The 20 most fascinating iOS apps from TechCrunch Disrupt

24 Sep 2015 | Author: | No comments yet »

4 Bay Area startups make it to final TechCrunch Disrupt battlefield.

A new startup, Rollout.io, launching today at TechCrunch Disrupt San Francisco 2015 wants to put mobile app developers back in control of their software by allowing them to make code-level changes on the fly.

Specifically, he said how common it is for startups to pivot (using the example of Zimride becoming Lyft), but music artists are rarely able to recover from a flop. Four of them are from the Bay Area — the maker of a fingernail-painting robot, a pot business software developer, a healthy school lunch subscription service and a small business finance startup. And then, of course, major entrepreneurs like Drew Houston, Nick Woodman, Tim Westergren, and Andrew ‘Boz’ Bosworth taught us a little something about building products that not only delight but make money. That is, when there are critical bugs or other issues that need to be fixed, the process of actually getting an updated app installed on end users’ devices can take hours or even days, if not longer.

Each will get six minutes to convince judges Wednesday afternoon that they deserve the Disrupt Cup, $50,000 prize and bragging rights that they hope will attract the attention of media and investors. Carter said that artists should understand this is usually a flawed argument, because the only alternative to streaming services are piracy or having someone simply listen to the song on YouTube for free.

Today, we’ll hear from Sam Altman, Ron Johnson, Vinod Khosla and Eric Migicovsky, and then we’ll head into the Disrupt Battlefield Finals, featuring Agrilyst, Green Bits, Leap Financial, Preemadonna, Scrumpt, and Stitch. That’s because of the way mobile applications are distributed – updated versions have to be submitted, then approved by app stores run by Apple and Google, before the new apps are made available. He cautioned artists to be patient, and said that streaming is a numbers game: “once everyone is converted to services like Spotify, the economics will make a lot more sense.” When asked if Silicon Valley would remain the center of the tech world, Carter explained that while the area is filled with intelligent entrepreneurs and innovative companies, the ecosystem eventually needs to open up and expand, or the area will see severe financial repercussions.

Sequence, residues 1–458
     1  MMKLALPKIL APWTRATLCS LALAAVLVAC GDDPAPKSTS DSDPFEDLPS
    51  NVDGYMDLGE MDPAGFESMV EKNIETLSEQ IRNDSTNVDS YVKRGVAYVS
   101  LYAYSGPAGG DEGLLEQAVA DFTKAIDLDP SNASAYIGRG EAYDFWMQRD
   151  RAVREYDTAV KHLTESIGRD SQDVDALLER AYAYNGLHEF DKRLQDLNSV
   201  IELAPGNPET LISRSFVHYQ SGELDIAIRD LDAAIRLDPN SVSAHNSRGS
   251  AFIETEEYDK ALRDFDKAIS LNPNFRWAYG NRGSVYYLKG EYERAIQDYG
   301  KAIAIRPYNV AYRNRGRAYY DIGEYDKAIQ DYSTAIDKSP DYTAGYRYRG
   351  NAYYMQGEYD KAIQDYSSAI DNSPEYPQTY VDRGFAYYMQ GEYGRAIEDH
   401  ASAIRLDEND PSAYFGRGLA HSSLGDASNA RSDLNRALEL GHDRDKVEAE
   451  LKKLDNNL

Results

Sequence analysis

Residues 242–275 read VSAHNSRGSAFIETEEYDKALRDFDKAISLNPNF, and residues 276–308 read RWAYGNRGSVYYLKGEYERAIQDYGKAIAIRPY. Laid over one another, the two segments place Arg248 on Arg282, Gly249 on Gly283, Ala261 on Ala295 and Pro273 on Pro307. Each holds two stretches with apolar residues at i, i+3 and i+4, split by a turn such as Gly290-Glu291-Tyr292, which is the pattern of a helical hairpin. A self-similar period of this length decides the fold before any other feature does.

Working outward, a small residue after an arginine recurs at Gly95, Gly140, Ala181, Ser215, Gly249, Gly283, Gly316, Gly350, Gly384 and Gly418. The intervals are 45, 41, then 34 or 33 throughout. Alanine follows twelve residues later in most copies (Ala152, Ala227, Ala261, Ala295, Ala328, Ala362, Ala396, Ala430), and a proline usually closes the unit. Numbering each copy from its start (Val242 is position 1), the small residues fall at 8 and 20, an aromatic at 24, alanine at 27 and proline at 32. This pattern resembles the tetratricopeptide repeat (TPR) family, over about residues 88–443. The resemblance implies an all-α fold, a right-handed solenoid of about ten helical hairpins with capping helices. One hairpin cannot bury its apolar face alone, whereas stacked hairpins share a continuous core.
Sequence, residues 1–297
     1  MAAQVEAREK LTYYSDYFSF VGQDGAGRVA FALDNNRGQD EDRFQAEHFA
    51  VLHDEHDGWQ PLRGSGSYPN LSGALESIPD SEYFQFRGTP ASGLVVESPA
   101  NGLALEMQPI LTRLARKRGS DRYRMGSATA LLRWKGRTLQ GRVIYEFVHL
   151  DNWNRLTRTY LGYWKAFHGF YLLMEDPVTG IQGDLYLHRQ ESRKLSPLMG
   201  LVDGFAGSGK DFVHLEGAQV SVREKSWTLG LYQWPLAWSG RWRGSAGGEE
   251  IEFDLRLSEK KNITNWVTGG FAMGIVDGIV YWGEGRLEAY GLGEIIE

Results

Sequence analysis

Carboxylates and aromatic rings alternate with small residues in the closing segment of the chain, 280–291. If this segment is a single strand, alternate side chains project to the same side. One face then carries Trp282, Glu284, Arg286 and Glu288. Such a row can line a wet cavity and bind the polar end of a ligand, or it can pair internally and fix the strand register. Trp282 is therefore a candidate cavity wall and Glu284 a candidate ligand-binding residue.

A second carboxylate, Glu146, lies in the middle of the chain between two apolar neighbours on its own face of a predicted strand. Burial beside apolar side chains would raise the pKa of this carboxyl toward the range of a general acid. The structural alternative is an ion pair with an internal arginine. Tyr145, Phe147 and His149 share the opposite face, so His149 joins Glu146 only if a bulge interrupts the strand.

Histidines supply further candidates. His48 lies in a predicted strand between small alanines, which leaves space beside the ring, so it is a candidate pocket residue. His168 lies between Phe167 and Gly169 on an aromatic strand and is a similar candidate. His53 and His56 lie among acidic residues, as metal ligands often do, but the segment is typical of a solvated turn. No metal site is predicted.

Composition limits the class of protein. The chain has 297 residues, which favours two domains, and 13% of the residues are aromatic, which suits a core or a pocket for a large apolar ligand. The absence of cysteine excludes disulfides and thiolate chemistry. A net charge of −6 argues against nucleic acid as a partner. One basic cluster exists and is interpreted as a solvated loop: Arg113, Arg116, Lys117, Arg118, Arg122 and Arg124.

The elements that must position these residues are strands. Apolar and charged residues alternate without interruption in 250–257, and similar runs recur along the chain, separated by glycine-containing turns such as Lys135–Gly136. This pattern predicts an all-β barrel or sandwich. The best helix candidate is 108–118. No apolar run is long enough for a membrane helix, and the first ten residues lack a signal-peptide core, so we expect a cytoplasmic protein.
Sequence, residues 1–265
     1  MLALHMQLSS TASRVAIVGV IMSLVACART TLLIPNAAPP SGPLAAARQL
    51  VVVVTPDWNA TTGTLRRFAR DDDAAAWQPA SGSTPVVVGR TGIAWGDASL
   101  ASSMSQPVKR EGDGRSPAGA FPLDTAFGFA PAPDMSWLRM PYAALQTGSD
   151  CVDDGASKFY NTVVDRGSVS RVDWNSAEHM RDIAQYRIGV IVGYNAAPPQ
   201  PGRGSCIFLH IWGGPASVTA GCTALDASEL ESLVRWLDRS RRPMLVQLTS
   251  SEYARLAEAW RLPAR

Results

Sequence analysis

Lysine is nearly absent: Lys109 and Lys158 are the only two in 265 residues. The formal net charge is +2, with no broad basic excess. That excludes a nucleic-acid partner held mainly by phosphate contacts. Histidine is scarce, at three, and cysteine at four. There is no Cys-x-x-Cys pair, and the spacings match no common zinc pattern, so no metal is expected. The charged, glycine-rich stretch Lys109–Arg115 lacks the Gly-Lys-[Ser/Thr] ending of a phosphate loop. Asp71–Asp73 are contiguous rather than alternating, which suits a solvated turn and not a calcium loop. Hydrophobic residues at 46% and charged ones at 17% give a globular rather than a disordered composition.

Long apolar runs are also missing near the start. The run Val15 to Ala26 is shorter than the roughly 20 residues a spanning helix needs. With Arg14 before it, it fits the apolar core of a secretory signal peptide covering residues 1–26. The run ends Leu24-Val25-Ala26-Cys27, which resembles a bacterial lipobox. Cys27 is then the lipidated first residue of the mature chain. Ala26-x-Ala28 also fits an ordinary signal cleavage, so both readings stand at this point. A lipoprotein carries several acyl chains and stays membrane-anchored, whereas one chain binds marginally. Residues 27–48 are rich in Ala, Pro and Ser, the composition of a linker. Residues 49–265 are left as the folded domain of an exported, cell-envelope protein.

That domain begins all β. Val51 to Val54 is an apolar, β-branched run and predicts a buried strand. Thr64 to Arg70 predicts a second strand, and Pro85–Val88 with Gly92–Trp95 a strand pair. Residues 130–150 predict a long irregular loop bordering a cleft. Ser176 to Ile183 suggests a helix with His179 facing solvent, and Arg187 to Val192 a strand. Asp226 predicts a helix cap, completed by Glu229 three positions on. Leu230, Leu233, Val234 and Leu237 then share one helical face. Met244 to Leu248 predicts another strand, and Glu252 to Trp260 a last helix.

While there are ways to expedite critical security fixes, for more minor problems, like crashes that only affect a subset of users, user interface glitches, or other changes a developer wants to make – like adding a new event to track via an analytics provider, for example – developers are still stick waiting out the app submission and approval cycle. But one winner will emerge from the crowd to succeed Alfred, the New York-based errands runner that won last year and went on to raise about $12.5 million, rolling out a version of its service nationwide this past spring. Co-founded by former Intel engineers, Erez Rosovsky and Eyal Keren, the company’s mission is to bridge the gap between developers and their live applications. He gave Stance Socks, one of his portfolio companies, as an example of a huge hit in an industry that isn’t exciting as something like wearables or VR.